Veganism has transcended from a type of diet into the hottest lifestyle trend that more and more people are embracing. Whether you’ve decided to make the switch because of your care for the environment or out of the concern for your health, the transition to a vegan diet might be a bit challenging. So, before throwing away all the meat, eggs and dairy from your fridge, here are several things you need to know.
A gradual transition
While the transition to veganism might not be a problem for vegetarians and people who generally don’t eat a lot of meat, it can be quite challenging for individuals whose diets are heavily based on animal products. If you’re one of them, you should gradually switch to a vegan diet by introducing smaller changes. As for some major changes, you should make them every now and then, rather than all at once. By going one step at a time, you’ll be more likely to stick to veganism.
Vitamin B12 Deficiency
Leaving behind animal foods means that you’ll also leave behind vitamin B12 that occurs naturally only in animal products. Since vitamin B12 is essential for your body to function properly, its deficiency can cause a series of health problems, including weakness, constipation, fatigue, loss of appetite, nerve issues, depression, etc. Therefore, it’s of the utmost importance that you take a B12 supplement on a regular basis to stay healthy.
Protein is another nutrient essential for your health and well-being, so you need to continue consuming it regularly. With plenty of natural and vegan-friendly sources, including beans, quinoa, lentils, soy and seitan, there’s no need to take any additional protein supplements.
However, you should be careful about how much protein you consume because too much of it isn’t healthy and may cause health problems, such as osteoporosis, calcium stones in the urinary tract and liver problems. In addition, despite the popular belief, protein isn’t the main energy source for our bodies – carbohydrates are. If you consume too much protein and not enough carbohydrates, your body will try to transform protein into a carbohydrate-like substance, which leads to a toxic exchange and kidney damage.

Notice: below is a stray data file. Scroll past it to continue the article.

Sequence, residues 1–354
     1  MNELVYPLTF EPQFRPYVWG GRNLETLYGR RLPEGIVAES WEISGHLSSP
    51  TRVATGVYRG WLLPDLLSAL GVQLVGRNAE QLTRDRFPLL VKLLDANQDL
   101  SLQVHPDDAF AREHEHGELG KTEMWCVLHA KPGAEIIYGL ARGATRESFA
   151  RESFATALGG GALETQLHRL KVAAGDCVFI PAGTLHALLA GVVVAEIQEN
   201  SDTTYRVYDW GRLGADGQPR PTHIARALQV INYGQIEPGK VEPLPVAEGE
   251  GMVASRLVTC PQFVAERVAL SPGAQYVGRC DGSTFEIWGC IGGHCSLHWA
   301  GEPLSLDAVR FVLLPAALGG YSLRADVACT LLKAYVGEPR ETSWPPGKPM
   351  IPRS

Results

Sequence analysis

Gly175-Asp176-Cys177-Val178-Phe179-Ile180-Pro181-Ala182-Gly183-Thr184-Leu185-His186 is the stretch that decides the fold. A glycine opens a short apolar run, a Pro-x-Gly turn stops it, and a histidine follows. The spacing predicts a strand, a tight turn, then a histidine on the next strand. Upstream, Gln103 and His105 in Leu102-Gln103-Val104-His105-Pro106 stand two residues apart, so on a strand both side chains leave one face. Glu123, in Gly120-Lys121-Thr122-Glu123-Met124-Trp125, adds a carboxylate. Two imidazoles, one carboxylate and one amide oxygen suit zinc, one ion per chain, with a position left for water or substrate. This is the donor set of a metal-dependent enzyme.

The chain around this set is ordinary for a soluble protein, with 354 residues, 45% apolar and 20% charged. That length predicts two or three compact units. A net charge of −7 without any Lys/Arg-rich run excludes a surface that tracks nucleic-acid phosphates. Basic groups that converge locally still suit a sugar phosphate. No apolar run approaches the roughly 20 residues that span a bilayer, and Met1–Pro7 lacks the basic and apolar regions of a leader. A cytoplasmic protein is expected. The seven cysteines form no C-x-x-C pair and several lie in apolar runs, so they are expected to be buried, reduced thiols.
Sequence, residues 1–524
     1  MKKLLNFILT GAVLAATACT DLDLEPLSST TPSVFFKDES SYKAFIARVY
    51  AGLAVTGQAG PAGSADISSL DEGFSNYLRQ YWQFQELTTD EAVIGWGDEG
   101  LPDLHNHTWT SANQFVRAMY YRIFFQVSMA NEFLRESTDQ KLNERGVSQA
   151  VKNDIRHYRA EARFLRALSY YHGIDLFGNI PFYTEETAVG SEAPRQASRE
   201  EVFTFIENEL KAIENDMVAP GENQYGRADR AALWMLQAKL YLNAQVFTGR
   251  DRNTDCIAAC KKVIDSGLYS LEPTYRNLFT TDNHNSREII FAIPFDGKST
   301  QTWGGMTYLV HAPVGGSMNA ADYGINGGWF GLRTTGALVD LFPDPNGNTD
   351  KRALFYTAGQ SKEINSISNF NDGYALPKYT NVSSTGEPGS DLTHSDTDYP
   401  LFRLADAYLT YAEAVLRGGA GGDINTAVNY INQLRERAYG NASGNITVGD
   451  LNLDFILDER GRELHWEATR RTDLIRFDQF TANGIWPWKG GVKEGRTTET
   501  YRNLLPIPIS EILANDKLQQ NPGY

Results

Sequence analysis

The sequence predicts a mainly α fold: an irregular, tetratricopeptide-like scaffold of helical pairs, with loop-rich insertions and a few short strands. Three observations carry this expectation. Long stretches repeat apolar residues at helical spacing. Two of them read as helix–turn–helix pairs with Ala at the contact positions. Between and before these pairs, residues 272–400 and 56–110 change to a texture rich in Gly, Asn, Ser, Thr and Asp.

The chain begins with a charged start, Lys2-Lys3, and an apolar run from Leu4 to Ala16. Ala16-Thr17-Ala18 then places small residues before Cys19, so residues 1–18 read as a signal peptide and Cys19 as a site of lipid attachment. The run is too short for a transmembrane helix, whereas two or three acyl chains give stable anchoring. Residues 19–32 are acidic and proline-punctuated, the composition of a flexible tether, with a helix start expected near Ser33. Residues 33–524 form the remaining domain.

The importance of supplements
Providing your body with all the necessary nutrients is essential when you switch to a vegan diet because a lot of them were contained within animal foods. However, this doesn’t necessarily mean that you need to take artificial supplements. There’s plenty of vegan-friendly foods and sources that will provide your body with everything it needs. For example, you can replenish your vitamin D by spending a lot of time in the sun. Iron can be found in legumes, dark, leafy greens, dried raisins and sunflower seeds. You can aid iron absorption by consuming foods rich in vitamin C.
With a plant-based diet, whole foods and B12 supplements, you’ll minimise the need for any additional vitamin supplements.
Changing your lifestyle might be quite challenging, so you’ll need the support of your friends. However, if your friends don’t support veganism or you simply feel lonely because they don’t understand what you’re going through, you should find vegan friends who can share this experience with you. Even if you have the full support of your friends, it’s always nice when you have someone to dine with in a vegan restaurant.
Once you go vegan, you should make sure that the foods you buy are actually appropriate for your diet. So, get ready for some serious label reading! Although some products may seem like vegan-friendly, they may contain ingredients – like food colouring, gelatine or tallow – that are actually derived from animals. If possible, you should buy your groceries at a reputable store to make sure that the foods you buy meet the vegan standards. When it comes to beauty care products, there are also vegan shops selling vegan-friendly cosmetics.
Switching to a vegan diet might be a bit difficult at first, but by making small and gradual changes, you’ll quickly get used to it. In addition, if you consume all the necessary nutrients, you won’t have to worry about your health.